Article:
Images form the largest part of modern web pages. Especially when you consider that Google likes “rich” web pages with lots of media. As a result, optimizing the delivery of your images is critical. Here are four ways to optimize your images in WordPress, with screenshots.
Method 1: At Least 1200 px in Width
When I first started writing, I would resize all images to a maximum of 550 px width. I thought that looked nicest on browser screens. However, one day I woke up to an error message in my Google search console regarding my AMP web pages like this:
Turns out that when Google offers up web pages via AMP, they want the images to be of a certain minimum size according to their guidelines. You can see here, that they recommend them all to be at least 1200 px in width:
So that’s what I’ve started doing. However, I don’t think it looks very nice on the screen, so I purposely specify image dimensions of 550 px in the HTML while displaying the images on a web page.
Method 2: Using Google’s “Squoosh” Service to Reduce Image Size
In November 2018, Google released its own “Squoosh” app to reduce images sizes, with a blog post explaining why. The website Squoosh.app blows away all other image compression plugins and tools I’ve used so far.
For example, here’s a screenshot of my desktop image with the size displayed when I open it in MS Pain:
Here, the size is 1.1 MB. That’s pretty huge. Now when I open the Squoosh website and select the image, it gives me the new size as shown here:
As you can see, in the screenshot it’s just 69 KB. That’s a reduction of 94% using just the default settings! You can further tweak the compression algorithm and increase or decrease the compression metrics. The website also has a “side by side” comparison pane system that lets you compare the compressed version with the original in great detail.
Ever since I discovered Squoosh, I use nothing else to reduce large image sizes. It’s truly amazing.
Method 3: Use Lazy Loading for Images
Not everyone scrolls all the way down to every page. So if you have images rendering below the fold, we don’t want the browser unnecessarily using up the visitor’s bandwidth by downloading unnecessary images. In addition, this slows the page down and reduces your pagespeed scores, which might have an impact on your Google rankings.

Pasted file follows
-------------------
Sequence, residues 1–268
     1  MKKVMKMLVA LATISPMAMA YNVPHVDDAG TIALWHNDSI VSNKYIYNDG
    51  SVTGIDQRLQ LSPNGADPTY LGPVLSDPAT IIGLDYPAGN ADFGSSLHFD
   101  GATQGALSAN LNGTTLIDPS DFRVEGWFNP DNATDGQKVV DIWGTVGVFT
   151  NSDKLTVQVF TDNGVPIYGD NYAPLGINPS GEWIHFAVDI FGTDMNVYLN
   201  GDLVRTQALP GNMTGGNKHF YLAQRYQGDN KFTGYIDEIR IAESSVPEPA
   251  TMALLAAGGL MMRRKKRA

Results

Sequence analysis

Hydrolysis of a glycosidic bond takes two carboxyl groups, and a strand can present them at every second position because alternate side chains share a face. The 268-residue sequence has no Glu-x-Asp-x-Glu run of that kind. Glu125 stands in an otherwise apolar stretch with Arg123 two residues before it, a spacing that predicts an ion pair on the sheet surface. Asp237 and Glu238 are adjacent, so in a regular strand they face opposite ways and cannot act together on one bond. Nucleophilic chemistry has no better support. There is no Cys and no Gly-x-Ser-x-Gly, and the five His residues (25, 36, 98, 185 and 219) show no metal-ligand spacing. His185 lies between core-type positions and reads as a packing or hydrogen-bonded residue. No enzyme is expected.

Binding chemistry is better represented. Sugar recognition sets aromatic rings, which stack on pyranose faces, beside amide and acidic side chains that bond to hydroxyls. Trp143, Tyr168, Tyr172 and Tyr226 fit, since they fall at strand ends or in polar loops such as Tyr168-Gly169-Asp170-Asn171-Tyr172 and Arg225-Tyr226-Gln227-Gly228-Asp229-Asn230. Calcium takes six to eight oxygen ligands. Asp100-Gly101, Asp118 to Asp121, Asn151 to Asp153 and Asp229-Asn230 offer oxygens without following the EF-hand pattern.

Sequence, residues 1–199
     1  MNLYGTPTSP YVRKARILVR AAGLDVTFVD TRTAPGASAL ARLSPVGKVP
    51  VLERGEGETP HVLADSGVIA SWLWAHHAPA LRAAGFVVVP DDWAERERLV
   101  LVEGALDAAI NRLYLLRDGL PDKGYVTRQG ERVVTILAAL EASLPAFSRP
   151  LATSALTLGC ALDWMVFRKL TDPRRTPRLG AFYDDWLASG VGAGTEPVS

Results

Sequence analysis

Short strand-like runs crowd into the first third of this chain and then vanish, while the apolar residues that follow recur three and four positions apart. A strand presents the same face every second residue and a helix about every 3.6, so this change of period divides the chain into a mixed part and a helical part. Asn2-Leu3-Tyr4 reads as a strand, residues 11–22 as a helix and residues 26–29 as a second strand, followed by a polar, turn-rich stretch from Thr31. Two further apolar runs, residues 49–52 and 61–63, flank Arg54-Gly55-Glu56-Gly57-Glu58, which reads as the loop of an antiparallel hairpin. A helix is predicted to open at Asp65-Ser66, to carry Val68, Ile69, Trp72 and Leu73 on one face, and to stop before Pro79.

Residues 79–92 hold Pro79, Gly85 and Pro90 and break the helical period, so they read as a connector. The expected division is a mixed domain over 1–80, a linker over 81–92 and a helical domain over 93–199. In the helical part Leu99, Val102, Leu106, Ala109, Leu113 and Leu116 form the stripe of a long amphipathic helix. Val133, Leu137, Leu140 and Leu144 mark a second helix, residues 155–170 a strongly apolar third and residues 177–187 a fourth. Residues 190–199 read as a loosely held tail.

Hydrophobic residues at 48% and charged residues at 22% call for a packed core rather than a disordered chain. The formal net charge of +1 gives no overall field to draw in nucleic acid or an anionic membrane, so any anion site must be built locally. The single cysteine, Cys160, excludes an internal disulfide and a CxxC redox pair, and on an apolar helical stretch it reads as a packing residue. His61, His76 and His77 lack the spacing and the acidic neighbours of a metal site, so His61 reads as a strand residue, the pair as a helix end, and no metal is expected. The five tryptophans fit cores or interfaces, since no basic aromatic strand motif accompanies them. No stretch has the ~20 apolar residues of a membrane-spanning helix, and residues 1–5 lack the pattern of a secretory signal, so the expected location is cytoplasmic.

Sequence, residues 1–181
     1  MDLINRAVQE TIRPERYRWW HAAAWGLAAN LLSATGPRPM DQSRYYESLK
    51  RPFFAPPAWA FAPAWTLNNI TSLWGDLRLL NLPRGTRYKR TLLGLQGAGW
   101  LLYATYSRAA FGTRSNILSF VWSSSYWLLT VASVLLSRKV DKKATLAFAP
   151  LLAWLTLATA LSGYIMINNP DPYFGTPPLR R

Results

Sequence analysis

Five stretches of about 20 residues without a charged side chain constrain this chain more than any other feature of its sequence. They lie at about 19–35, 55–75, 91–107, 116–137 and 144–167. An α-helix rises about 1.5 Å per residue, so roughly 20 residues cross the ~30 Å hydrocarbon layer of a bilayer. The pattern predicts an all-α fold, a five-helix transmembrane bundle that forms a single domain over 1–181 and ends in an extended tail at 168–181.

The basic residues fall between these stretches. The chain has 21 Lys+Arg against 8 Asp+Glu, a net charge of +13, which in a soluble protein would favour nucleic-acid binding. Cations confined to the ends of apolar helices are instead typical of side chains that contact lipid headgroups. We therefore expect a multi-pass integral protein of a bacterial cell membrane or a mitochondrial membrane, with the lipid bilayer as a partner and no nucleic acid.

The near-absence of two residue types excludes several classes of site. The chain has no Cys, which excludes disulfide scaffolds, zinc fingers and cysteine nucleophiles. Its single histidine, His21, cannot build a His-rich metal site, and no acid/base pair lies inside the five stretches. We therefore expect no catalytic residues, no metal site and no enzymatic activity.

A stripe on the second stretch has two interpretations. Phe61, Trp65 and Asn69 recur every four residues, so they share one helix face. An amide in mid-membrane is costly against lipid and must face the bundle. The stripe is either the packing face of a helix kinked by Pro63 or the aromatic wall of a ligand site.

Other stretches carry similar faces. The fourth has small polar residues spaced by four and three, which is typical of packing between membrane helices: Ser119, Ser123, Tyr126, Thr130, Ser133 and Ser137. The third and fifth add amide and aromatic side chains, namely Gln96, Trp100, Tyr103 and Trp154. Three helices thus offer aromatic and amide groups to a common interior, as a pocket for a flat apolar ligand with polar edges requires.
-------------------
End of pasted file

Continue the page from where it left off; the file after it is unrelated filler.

To combat this, we implement “Lazy Loading” of images. This means that we only download the image when the user has scrolled far enough down to see it. The easiest way to enable this is to use the Jetpack WordPress plugin, created by the developers of WordPress themselves. In the “Performance” section of the plugin, you can enable lazy loading like this:
And you’re done! It happens automatically. Which brings us to the last method.
Method 4: Using a CDN for Images
Images are static content. They don’t change. Ideally, we’d like to store then in servers around the world, so users can download them from the server closest to their geographic location. This is called a “Content Distribution Network” or CDN.
As seen in the previous screenshot, the Jetpack plugin already allows us to use their CDN network for images. To enable it, choose the option “Speed up image load times” and you’re done! Now your images will be served directly from a CDN instead of your origin server.
Personally however, I prefer to use Cloudflare instead of the Jetpack CDN. That’s because Cloudflare is a reverse proxy and doesn’t need an additional IP lookup, which slows everything down. It might not seem like much, but when rendering a web page, even a few hundred milliseconds of lookup time can make a huge difference.
But whether you use the Jetpack CDN or Cloudflare, your site will benefit from a CDN in general. There are also paid solutions for CDNs, and some web hosts include CDN functionality with their advanced hosting services like managed hosting for example.
If you follow these four methods to optimize your images and delivery, you’ll have done all you can. This will result in faster load times, lower bandwidth, and a far better overall browsing experience for your visitors. And in the end, that’s what matters most.
I’m a NameHero team member, and an expert on WordPress and web hosting. I’ve been in this industry since 2008. I’ve also developed apps on Android and have written extensive tutorials on managing Linux servers. You can contact me on my website WP-Tweaks.com!